Variety of small models/figures made from building blocks (Lego)
Annual NTF Symposia

Block Teaching and Playful Learning

Roger Saunders, Associate Professor & University Teacher Fellow, De Montfort University 

My institution, De Montfort University, now delivers modules sequentially in six week blocks (followed by an assessment week) with 2 hours of pre-recorded material, 2 hours of live ‘lecture’ and 2 x 3 hour seminars, per week. To maintain energy, enthusiasm and engagement for three hours can be difficult, so I extensively employ elements of playful learning. This can be used to increase motivation to learn (Forbes 2021; Al. Farsi et al. 2020), creativity (Jensen et al. 2022), retention (Albin and Brooks-Kieffer 2022), provide a safe space to fail (constructively) (Whitton 2018) and many other benefits. Most importantly it makes learning FUN. 

There are three factors to consider when undertaking playful learning, priming, reflection and iteration. Students need to understand the purpose of the activity, the benefits and the outcomes. They need to reflect on what they have learned at the end and what they might do differently based on that reflection. If there is time, they should have the opportunity to repeat the activity and evaluate their revised ideas and strategies. 

Marketing (which I teach) lends itself to being explored physically, so I have tried to introduce sensory learning. Card games and resources such as Lego® are primarily visual, though they also both have tactile elements. I also use sound, for example music at the start of lectures or to establish an ambience (for example when talking about retail environments) and making the audio for flipped lectures available as a separate mp3, for those who prefer to listen. I have smelly pots that contain cotton wool impregnated with various products, only one of which is sold solely because of its smell. This encourages students to think about perceived value and emotional buying behaviour. I do blind taste tests with students, using various sparkling waters, asking them to identify the most and the least expensive product, which allows us to consider USPs and the impact of branding on perceived value. As well as having the opportunity to touch items I also use kinaesthetic learning, asking students to move about the room when considering segmentation, or when playing a multiple-choice quiz.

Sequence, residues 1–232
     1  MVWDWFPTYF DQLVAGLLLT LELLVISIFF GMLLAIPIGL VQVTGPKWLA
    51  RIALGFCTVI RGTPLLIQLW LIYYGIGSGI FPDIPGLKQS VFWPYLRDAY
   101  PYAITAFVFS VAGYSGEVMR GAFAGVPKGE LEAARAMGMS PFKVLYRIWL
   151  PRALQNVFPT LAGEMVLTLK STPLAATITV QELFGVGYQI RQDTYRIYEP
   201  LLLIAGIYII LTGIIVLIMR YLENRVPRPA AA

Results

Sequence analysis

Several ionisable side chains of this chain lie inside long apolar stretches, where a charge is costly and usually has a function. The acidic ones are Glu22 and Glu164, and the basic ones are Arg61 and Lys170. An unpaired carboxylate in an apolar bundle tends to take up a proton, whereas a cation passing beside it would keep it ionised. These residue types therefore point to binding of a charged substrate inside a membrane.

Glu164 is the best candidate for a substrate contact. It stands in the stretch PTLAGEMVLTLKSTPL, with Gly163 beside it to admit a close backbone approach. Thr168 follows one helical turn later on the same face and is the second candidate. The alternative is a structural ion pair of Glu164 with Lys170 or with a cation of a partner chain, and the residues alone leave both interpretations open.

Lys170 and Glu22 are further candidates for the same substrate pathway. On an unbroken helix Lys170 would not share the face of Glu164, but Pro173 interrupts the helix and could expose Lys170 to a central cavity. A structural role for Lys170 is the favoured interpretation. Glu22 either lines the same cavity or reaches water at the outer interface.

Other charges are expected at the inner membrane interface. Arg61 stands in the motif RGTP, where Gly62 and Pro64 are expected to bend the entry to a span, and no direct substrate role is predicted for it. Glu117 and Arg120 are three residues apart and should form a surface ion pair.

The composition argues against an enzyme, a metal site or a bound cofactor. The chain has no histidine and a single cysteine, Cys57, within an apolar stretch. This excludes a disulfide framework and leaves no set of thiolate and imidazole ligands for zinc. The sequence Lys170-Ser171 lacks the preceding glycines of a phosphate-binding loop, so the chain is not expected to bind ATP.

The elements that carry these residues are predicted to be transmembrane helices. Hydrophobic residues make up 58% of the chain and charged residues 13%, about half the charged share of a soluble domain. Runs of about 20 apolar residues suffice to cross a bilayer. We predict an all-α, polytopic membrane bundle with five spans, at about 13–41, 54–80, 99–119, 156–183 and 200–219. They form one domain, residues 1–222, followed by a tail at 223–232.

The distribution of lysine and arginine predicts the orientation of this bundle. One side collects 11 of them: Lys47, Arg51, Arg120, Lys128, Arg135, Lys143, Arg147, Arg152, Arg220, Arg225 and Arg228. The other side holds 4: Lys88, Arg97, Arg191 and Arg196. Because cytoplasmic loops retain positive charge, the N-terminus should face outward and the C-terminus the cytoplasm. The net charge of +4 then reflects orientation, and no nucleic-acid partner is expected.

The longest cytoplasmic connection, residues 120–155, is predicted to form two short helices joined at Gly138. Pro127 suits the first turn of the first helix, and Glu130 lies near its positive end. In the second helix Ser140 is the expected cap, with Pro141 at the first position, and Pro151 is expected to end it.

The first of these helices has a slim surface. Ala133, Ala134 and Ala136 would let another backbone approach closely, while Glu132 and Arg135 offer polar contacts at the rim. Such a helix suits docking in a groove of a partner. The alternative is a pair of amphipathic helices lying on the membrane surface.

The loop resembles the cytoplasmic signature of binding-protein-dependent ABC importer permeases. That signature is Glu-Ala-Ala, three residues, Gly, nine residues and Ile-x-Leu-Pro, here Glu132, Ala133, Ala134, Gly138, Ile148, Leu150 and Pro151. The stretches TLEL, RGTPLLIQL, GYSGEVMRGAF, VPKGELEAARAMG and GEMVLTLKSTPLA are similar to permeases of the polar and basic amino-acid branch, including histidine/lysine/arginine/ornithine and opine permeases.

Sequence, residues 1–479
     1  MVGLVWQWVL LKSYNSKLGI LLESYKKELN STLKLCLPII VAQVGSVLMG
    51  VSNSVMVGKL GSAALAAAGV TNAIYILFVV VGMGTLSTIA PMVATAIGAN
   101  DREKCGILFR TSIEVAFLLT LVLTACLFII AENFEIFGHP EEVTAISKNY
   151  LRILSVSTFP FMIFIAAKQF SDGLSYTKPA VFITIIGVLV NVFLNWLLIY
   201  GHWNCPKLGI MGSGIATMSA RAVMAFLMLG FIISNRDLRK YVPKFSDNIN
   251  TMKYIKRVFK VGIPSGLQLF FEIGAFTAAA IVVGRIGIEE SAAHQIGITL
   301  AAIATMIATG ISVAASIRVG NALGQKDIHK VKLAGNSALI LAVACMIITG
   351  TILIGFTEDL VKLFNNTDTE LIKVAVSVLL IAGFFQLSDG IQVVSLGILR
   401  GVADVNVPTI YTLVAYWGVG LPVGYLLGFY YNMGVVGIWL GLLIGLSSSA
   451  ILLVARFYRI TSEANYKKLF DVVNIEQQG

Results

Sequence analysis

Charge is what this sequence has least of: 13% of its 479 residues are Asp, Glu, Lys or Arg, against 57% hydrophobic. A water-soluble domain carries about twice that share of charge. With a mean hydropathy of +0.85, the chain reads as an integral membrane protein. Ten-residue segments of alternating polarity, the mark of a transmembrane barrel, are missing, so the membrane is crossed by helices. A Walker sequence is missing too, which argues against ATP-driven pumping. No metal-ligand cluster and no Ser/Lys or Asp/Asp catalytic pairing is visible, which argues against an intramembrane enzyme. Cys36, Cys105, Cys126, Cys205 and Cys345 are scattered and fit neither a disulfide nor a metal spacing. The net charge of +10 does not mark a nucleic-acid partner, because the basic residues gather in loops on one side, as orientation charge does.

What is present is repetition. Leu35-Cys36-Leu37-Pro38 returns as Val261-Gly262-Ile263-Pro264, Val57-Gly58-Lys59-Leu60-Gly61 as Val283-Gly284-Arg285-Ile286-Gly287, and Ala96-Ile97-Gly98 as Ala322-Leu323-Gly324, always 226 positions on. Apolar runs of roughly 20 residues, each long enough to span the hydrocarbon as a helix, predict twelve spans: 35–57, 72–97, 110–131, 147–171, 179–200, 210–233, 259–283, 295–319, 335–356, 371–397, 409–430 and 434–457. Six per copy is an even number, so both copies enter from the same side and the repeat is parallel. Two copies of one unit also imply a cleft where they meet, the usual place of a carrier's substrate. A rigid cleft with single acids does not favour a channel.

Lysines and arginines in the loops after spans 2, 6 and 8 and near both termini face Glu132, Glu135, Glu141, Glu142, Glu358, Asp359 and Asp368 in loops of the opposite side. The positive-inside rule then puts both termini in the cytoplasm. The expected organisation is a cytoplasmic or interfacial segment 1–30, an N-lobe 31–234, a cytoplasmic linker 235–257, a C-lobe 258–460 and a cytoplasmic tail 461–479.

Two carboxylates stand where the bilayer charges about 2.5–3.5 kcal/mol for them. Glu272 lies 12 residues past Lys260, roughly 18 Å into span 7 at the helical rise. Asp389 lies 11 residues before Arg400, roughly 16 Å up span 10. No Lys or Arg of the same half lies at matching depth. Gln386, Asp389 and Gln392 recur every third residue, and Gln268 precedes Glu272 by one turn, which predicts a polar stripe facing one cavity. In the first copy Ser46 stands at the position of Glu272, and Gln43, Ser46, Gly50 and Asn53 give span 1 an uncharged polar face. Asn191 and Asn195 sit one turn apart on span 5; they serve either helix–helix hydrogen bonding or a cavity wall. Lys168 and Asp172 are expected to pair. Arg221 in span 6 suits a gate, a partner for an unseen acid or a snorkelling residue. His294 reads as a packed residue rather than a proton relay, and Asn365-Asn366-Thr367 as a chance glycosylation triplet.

I use a range of quizzes for weekly testing of learning, largely based on game shows, such as The Million Pound Drop, in my case converted to the 100 Smartie Drop. This helps make continuous assessment more fun and, as they play in table teams with a small prize, more competitive.  

I have devised a range of card games using different formats. Single flash cards and story cards that can be used for ice-breakers, pairs that can be linked (such as symptoms and diseases) and dynamic case study cards. Cards that can be grouped (classifications) and ordered (ranking and evaluating), to collecting sets using the mechanics of rummy or go fish (which have been used to teach everything from cardiology to protein purification) to full blown deck building games (like the one I have created as an introduction to marketing). 

Roger delivered an engaging showcase on this topic at #ANTF2024 symposium


Alfarsi, G., Tawafak, R., ElDow, A., Malik, S., Jabbar, J. and Sideiri, A. (2020) General View about Games based Learning: Literature Review. In Proceedings of the International Conference on Culture Heritage, Education, Sustainable Tourism, and Innovation Technologies (CESIT 2020), pp. 139-145. 

Albin, T. and Brooks-Kieffer, J. (2022) Git going with LEGO: A playful partnership for making sense of technology. Journal of Play in Adulthood, 4(2), pp. 177-204. 

Forbes, L. (2021) The Process of Play in Learning in Higher Education: A Phenomenological Study. Journal of Teaching and Learning, 15(1), pp. 57-73. 

Jensen, J., Pedersen, O., Lund, O. and Skovbjerg, H. (2022) Playful approaches to learning as a realm for the humanities in the culture of higher education: A hermeneutical literature review. Arts and Humanities in Higher Education, 21(2), pp. 198-219. 

Whitton, N. (2018) Playful learning: tools, techniques, and tactics. Research in Learning Technology, 26, pp. 1-12. 

X (formerly Twitter): Follow @RogerLecturer for more information about playful learning in block teaching